That blends into the start of a triptych of tracks “The Long Road,” beginning with “One Last Fire” that’s rich with Appalachian folk passages and melodies so moving, they sweep you up into the record. Picked acoustics, slide guitar, and banjo are all part of the picture, and they add a sweeping sense to this rustic gem. The second part, “Capricious Miles,” roars open with the burning intensity returning to full throttle, and Lunn looking back on everything, as well as the road ahead of him, and realizing, “Nothing will ever be the same.” Bluegrass-style strings work their way back into mix, and as the song progresses over its second half, it gets airy and spacious before it thunderous last run. The third part “The Sigh of Summer” has a serene opening and stays that way for about three minutes before bursting wide open with thunderous playing, vicious howls, and furious blasts that propel this track. Like many of the other songs on here, there are peaks and valleys to bring you up and take you back down again, and at one point, a rough bassline blasts in, the pace begins to seriously chug, and surging lead guitar work takes over and leads to some unreal soloing. The track ends on a beautiful note, with whistles and folk ambiance setting up and floating you into the final part of the record.
“Norwegian Nights” is a softer, reflective song, where the vocals are clean and ruggedly expressive with Lunn noting, “My fragile sleep torn from me.” You almost can imagine him tossing and turning, wondering where his life is going, longing for those he left back home. A train passing by at the end perhaps is another callback to his roots. The song blends into “In Silence” that wallows in anything but that. There are blasts of cold darkness, and the guitar work burns on high, giving a sense of tumult and emotional overflow. As the song progresses, the folk melodies return, softening the surroundings with slide guitar, but there is a return to chaos before the track ends, setting the stage for the album finale. That would be the stunning “Chase the Grain,” a track that lets you have one final ride through this portrait of life’s progression, and it starts with elegant strings that lead to metallic waves. The song softens with acoustic guitars, Native American flutes, and woodsy notes, but then it opens up again with cinematic heaviness, huge musical progressions, harsh vocals, and cascading melodies. The final moments reclaim the serenity, letting the music fade out, as the journey comes to its end and a life is changed forever.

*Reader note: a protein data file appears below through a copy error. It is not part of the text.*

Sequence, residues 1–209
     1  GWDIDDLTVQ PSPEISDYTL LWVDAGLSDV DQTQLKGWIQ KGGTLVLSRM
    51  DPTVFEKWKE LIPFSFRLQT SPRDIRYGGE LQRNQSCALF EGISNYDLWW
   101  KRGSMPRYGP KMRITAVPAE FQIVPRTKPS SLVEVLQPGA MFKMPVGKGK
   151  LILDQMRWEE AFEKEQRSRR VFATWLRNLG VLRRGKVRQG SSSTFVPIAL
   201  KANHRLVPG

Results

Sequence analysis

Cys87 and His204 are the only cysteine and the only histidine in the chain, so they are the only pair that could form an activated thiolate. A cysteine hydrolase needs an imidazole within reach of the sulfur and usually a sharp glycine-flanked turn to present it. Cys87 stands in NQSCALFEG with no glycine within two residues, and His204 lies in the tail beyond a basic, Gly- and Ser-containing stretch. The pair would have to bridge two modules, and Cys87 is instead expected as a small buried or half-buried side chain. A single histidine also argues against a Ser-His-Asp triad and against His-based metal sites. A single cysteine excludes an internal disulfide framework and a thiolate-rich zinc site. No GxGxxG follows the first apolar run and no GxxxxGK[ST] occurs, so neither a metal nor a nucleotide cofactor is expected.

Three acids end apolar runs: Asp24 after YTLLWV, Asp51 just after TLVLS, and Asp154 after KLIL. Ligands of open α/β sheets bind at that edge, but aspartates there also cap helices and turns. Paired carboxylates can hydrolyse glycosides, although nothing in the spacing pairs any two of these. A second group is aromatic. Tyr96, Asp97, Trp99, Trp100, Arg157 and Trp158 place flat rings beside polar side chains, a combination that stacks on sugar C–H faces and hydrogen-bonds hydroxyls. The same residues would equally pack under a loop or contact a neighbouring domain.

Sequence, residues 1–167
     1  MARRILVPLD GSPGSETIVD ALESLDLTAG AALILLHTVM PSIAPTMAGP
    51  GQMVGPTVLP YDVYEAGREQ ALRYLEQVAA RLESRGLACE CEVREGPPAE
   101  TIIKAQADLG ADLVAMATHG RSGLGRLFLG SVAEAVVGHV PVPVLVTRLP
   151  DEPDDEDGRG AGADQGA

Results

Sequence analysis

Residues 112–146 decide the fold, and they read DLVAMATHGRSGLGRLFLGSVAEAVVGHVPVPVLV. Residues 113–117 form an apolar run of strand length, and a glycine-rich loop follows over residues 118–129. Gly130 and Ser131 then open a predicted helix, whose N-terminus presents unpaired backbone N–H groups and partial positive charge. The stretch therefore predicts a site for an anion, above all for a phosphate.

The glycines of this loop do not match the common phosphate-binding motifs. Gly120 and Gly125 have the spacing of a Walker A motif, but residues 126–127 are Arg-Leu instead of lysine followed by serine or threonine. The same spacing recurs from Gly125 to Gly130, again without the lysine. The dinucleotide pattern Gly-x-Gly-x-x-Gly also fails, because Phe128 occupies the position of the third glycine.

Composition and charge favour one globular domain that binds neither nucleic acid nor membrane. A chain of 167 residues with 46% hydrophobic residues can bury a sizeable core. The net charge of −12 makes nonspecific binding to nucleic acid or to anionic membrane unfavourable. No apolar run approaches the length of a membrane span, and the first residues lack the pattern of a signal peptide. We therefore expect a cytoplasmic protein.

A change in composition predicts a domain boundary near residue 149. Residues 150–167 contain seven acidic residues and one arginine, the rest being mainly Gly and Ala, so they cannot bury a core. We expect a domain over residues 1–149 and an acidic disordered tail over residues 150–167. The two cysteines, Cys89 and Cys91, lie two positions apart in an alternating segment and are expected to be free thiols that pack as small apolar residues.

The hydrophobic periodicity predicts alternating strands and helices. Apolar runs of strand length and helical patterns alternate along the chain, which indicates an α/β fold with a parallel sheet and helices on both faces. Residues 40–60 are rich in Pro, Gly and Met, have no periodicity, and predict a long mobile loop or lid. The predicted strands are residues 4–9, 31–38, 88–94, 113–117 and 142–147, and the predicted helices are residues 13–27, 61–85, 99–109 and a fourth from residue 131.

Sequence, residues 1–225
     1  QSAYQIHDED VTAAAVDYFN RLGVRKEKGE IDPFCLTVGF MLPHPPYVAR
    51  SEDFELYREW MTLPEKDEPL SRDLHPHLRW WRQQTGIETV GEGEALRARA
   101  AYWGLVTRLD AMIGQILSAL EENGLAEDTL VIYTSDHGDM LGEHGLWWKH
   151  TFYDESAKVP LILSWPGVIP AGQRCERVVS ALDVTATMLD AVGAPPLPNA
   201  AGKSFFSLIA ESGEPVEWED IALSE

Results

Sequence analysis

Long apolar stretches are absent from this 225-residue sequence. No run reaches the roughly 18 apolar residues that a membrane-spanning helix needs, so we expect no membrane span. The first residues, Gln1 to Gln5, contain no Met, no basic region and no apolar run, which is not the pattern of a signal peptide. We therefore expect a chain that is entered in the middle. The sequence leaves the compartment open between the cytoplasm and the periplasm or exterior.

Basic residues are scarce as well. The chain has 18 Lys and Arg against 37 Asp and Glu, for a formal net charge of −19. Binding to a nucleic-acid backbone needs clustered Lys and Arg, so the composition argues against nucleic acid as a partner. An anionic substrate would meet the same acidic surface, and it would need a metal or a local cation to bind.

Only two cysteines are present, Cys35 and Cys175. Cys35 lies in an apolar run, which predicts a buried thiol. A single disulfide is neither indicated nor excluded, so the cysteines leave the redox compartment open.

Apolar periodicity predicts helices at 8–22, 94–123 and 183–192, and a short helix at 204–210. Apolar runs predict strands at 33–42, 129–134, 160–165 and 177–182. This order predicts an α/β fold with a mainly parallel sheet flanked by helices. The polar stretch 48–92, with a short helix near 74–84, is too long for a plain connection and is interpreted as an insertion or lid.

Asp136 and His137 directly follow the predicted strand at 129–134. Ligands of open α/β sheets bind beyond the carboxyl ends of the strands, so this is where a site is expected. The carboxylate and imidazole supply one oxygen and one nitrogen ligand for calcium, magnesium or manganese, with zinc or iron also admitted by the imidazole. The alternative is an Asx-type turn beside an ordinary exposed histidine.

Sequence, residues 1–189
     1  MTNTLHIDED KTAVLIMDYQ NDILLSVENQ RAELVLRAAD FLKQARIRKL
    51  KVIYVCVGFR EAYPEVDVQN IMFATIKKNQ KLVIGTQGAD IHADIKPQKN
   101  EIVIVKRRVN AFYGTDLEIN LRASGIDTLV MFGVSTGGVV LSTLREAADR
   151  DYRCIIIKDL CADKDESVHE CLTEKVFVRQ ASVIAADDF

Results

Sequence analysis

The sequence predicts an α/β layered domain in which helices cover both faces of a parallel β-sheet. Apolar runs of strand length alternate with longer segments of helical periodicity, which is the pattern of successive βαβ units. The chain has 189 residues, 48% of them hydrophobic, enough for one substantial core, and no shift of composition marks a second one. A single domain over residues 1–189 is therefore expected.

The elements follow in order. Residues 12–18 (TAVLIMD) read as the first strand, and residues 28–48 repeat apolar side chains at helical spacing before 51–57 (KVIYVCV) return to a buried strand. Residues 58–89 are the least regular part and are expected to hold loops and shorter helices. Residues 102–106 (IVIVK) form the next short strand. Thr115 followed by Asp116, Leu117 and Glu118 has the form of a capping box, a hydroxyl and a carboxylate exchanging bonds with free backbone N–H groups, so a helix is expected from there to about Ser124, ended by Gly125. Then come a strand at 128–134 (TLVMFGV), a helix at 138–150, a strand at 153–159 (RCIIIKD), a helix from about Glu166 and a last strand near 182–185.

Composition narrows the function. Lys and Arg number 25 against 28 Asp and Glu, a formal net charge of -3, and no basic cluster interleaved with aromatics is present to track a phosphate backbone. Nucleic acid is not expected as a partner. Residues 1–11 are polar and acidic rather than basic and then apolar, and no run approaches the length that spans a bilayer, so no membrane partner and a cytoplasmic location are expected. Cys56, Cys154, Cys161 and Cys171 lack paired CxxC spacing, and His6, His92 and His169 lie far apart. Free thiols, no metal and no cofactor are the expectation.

No matter what Lunn unearths, examines, or explores on his recordings, there’s never a shortage of inspiration and music that could make your heart and mind race. He’s never been consumed with devils or evil or all of the other things typically associated with black metal. Instead, he provokes thought, makes you think about issues perhaps you haven’t before, and even educates you. “Roads to the North” does all of those things, even if it is more introspective, and anyone who has had a long road to travel on the way to understanding or a new life can find tons of value here. Lunn’s never been afraid to put his thoughts and feelings out there for examination, and this one cuts closest to his heart. Not only will it be exciting to hear where his music goes from here, it also will be just as fulfilling to see how he grows as a man, a father, and a business owner.
For more on the band, go here: https://www.facebook.com/PANOPTICONBAND
To buy the album, go here: http://eihwazrecordings.com/distro/index.php?main_page=product_info&cPath=2&products_id=1480
Or here: http://www.nordvis.com/store/product_info.php?products_id=202
For more on the label, go here: http://bindrunerecordings.com/
Or here: http://www.nordvis.com/